‘I would agree there are times and places not to haul out the iPad’ Especially not while the bride is coming down the aisle and the official wedding photographer is trying to get a clear shot of her in all her radiance.
Apropos of the conversation, this piece from CNN:
“Wow! I totally just watched the awesome cell phone video you shot at that concert!” said nobody ever.
While there’s a rather sizable chunk of Get-Off-My-Lawn-ishness about it, I find myself generally inclined to agree. Maybe I’ve achieved my goal of an early curmudgeonhood.
Yeah, or in any darkened performance space. And at the risk of going all get-off-my-damn-lawn, that goes for not just iPads, but smartphones and any digital cameras with a display. The house lights are down for a reason.
I really like using my iPad Mini for taking pictures. You can frame very easily and can plan your editing if you think ahead. All in all it can be much better for a beginner.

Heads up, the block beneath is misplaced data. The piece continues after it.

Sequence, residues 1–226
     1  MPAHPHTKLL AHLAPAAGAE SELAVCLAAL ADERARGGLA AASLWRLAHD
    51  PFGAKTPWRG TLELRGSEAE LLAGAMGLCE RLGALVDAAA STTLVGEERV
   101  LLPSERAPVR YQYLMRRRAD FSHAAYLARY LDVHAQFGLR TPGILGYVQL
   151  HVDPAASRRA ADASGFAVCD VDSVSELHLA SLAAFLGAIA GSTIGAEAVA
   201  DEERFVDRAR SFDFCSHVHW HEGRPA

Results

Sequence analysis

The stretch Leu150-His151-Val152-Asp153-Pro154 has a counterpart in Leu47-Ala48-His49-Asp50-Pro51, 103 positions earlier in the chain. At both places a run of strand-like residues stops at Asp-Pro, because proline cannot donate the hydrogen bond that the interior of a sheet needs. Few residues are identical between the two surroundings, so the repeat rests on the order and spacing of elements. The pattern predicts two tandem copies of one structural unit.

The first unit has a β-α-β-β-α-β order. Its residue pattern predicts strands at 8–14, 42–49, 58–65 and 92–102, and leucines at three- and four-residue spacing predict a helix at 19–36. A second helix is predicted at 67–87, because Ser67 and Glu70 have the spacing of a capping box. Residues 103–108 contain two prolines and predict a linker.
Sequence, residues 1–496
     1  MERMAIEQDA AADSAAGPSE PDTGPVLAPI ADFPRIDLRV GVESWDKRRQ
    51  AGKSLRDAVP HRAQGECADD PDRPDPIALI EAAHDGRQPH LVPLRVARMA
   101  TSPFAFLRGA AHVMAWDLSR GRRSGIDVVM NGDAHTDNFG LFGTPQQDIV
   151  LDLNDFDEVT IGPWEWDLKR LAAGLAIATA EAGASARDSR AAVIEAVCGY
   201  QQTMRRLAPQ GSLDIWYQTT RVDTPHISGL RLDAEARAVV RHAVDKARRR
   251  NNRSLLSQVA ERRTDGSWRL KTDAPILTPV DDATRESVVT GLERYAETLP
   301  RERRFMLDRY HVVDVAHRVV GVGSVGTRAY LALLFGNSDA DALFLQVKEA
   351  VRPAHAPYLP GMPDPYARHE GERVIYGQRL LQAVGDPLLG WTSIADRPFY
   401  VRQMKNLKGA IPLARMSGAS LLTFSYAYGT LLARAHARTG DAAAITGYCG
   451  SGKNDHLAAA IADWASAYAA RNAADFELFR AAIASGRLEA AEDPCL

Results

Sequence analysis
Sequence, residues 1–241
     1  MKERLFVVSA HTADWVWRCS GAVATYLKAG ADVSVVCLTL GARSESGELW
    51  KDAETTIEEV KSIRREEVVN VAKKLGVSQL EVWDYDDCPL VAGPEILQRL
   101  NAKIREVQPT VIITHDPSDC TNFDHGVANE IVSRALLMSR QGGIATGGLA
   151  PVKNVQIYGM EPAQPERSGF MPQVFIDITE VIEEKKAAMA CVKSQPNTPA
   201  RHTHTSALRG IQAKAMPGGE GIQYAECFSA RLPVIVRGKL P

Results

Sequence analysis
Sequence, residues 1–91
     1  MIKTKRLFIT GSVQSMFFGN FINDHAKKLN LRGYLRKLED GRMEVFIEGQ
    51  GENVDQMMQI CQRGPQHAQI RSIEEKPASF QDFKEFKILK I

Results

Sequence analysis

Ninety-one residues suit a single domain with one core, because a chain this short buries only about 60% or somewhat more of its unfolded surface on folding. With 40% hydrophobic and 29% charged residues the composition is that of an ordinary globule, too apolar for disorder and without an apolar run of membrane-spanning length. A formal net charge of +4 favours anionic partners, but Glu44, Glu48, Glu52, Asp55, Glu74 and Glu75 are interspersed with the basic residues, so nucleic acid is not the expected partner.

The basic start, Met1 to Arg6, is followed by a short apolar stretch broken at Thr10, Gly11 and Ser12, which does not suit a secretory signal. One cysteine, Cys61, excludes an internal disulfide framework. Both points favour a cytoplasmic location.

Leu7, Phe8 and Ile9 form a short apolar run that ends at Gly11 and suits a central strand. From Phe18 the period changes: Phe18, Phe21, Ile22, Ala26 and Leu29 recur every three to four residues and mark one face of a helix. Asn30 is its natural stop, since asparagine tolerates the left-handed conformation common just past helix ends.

Those who snicker at using honking large sighting screens will have Karma bite them in a few years. Not that any of you will believe me, mind — I remember thinking my eyes would never get old, too.
I’ve seen some cell phone videos that have been run through some sort of … I don’t even know what you would call it… smooth out the jerky movements… filter? I don’t know if it was actually a manual process or some automatic software. But it is rather interesting to discover how much I do not like watching video where the camera is handheld and bouncing all over the place.
If you can, you should use some kind of gimbal to let the camera autobalance. If not, this software is some kind of magic post processing. It does end up cropping parts of the video as it rotates the image to keep things horizontal, but it’s pretty amazing.
What Phil said. If people want to take a picture or video with an iPad, okay. But what’s annoying is when I’m watching my kids do a performance at school and people are holding their iPads up, obstructing my view of the stage. iPads are really hard to see around.
Mr Scalzi, inquiring minds (like mine) wonder just what editing software do you use on your photos?
My ASUS Transformer Prime makes a great camera… for things in the house that I want to just snap and upload quickly. But out and about? Needs to be a real camera that I can actually control the f/stop and ISO on, I’m afraid. And preferably change the lenses.